Oars: A Spring To-Do List
As you prepare to get back on the water this spring, our Regatta Service Team has these tips to get your oars and sculls in shape for your rowing season.
- Inspect your oars. It is important to catch damage as soon as possible; it can be dangerous to row with a damaged oar. Inspect for blade dents, shaft cracks, or water in the shaft. Feel for soft spots on the shaft; this could indicate invisible cracks.
- Encourage teammates to report any potential damage to equipment. Even if equipment does not look broken, simple acts such as catching a crab, hitting a bridge abutment, or finding a big log in the river may lead to damage. Many rowers are too embarrassed or scared to report collisions. Reward athletes who speak up.
- Look for signs of wear on the sleeves. A worn sleeve will affect feathering, your roll-up, and pitch. Sleeves should be replaced as needed, but a clean and well-cared for sleeve will last a long time.
- Store oars and sculls in racks with the handles up, when possible. Avoid scratching blades in gravel, on concrete, and against docks and other hard surfaces. Blade damage most often occurs at the edge of the blade due to scuffing or hitting against something.
- Do not store your oars long-term in continuous sunlight. Ultraviolet light will eventually degrade the carbon surface and shorten the life of the oar.
- Transporting oars on unprotected metal roof racks can cause serious damage. Tie down oars with adequate padding, or use the Concept2 scull case for protection.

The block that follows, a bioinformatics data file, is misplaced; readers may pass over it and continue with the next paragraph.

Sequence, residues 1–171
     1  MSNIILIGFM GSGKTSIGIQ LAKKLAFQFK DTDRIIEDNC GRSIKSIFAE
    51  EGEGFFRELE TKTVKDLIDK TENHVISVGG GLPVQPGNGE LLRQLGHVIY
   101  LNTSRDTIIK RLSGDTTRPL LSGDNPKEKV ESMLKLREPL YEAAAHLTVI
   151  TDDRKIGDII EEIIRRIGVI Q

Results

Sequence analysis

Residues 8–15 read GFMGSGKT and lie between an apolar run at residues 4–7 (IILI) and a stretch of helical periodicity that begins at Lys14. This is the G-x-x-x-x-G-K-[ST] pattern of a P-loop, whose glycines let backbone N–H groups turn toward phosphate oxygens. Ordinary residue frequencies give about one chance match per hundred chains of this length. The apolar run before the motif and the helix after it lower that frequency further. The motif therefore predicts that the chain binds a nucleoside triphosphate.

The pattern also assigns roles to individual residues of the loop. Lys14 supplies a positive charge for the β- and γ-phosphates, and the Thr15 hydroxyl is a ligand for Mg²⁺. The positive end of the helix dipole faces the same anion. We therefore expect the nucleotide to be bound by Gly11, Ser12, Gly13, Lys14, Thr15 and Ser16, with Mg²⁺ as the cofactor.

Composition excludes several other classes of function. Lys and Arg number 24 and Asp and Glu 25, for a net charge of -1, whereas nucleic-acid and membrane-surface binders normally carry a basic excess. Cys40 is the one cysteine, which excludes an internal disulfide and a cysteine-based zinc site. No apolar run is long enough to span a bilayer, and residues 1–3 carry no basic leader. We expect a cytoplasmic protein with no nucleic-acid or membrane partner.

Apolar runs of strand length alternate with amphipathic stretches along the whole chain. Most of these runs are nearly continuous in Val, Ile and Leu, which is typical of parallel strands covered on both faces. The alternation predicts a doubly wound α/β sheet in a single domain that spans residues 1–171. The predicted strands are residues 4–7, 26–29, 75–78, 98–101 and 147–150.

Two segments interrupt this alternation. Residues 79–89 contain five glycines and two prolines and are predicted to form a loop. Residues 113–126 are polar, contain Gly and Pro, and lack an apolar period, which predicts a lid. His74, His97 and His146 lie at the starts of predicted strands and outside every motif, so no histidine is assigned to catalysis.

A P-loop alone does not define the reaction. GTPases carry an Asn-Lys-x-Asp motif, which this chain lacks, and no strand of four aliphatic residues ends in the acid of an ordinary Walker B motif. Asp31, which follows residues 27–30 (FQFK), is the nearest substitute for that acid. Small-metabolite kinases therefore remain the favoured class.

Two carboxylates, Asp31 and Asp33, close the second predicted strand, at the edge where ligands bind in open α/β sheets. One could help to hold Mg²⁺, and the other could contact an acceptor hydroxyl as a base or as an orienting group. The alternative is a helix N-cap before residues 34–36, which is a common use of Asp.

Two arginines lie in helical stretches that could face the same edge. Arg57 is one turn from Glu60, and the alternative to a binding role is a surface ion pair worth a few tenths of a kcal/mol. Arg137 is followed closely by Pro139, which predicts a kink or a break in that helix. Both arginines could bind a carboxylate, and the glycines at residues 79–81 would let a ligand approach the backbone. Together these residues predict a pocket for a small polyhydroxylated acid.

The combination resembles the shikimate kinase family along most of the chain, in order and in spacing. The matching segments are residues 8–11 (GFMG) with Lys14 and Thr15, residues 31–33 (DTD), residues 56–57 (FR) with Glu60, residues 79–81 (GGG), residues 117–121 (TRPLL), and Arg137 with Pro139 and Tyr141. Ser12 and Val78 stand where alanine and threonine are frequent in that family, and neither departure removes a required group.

- When carrying oars to and from the dock, do not bundle them. This often leads to blades rubbing against one another in transit, and when dropped to the ground. Instead, carry one oar in each hand.
- If you must lay your oars and sculls on the ground or on a dock, lay them down with tips up to avoid wearing. Keep oars out of the way of being stepped on.
- Do not push away from the dock with your oars. Practice pushing away as a crew or walking down the dock.
- Rowing in salt water? Rinse equipment after every use. Pay special attention to sleeves, collars and oarlocks.
- Give your grips special attention, especially if you’re sharing oars. Clean and disinfect regularly.
We encourage you to learn how to replace parts yourself. We have instructions and videos on our website so you can do the work on your own. Oar Repair Instructions Oar Repair Videos
Come see us at a regatta near you!